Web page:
Food prices are skyrocketing in Nepal and the poor monsoon this year means that there will be a rice shortage.

  8. #8

    Default Re: Overpricing in the lodges

    I would like to offer, which I hope is a balanced view on the subject of 'overpricing'.
    I have trekked several times in Nepal now and on most occasions found the costs to be very fair. On my first trek in 2001 the prices were extremely low, since then there has been a fair bit of inflation due to a number of factors, the economy being the main one. I am aware that some lodges do try to charge way over the going rate for some things and it is always best to agree costs before accepting. The Nepalese people are no different to anyone else, we are all human, some people are happy to make a reasonable living, others are greedy and money driven and will try to exploit whereever and whenever. It happens globally throughout the human race no matter what colour, race or creed.
    Those lodgeowners who do continue to overcharge will eventually pay the price as their reputation will be damaged and trekkers will just go elsewhere, there are, in most cases, always a number of lodges to choose from at the end of the day.
    I am returning to the Annapurna circuit in Nov/Dec this year so I will be able to see first hand whether there is a justified case to complain about pricing.
    But to be fair, if there is a case that lodges are getting greedy then it is reasonable to complain [to the lodge owner] as you would in any other country and not feel guilty for doing so. I feel that I know whats reasonable and what isnt whilst trekking and yes to be honest I wouldnt expect to be charged western prices for food and lodging. [obviously you should expect to pay more the higher up you go especially if you desire western type foods, energy chocolate bars etc] Thankfully my experiences have mainly been good ones with the people of Nepal being most warm and helpful.

    Concerning the 'people of a certain country' that you encounter whilst trekking, yes they are on the main most arrogant and obnoxiously rude to the lodgeowners, not just in Nepal but other countries also and try to get everything for almost nothing often leaving a trail of rubbish behind them. Maybe its a cultural thing, in which case I will be giving their country a miss, but I have met a few of their fellow countrymen who have been extremely nice and whom try to distance themselves from the main.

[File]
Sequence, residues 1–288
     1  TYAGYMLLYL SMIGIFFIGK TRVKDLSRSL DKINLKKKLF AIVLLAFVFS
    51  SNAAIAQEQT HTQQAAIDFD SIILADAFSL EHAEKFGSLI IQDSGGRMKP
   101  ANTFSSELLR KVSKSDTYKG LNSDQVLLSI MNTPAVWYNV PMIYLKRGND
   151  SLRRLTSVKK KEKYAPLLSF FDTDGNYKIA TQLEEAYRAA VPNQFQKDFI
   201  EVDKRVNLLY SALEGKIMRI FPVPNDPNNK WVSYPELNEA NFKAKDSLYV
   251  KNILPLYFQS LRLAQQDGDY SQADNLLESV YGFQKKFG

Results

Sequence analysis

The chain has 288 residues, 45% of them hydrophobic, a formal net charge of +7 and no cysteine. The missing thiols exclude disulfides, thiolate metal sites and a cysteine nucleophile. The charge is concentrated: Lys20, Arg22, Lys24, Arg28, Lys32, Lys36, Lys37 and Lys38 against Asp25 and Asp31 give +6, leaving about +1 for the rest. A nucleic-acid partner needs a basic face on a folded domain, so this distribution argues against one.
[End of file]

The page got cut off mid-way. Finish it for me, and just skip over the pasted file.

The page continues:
Well thats my bit. except to say that I am very excited about returning to the lovely Nepal soon.... and please if you do find yourself feeling hard done by, ensure you communicate curtiously and from then on agree your prices beforehand, then continue in a positive mindset, don't let it spoil your wonderful trip of a lifetime.
    Sally

  9. #9

    Default Re: Overpricing in the lodges

    What is the present price for say a dal bhaat at Ghorepani or a bowl of noodle soup?

  10. #10
    Join Date
    Mar 2005
    Location
    Germany
    Posts
    139

    Default Re: Overpricing in the lodges

    One has to consider that in higher regions it is not so much the little teebag which has to carried for days uphill, but als every nail an construction material for the lodge. Also the kerosine for heating up the water must be carried up all the way. So i understand that the prices are alo going up.
    If some one has only very little money he can travel with a little stove and 2 liters of kerosine. With that you can boil a lot of water, drink tee or have a noodlesoup for lunch.
    That would be a positive approach.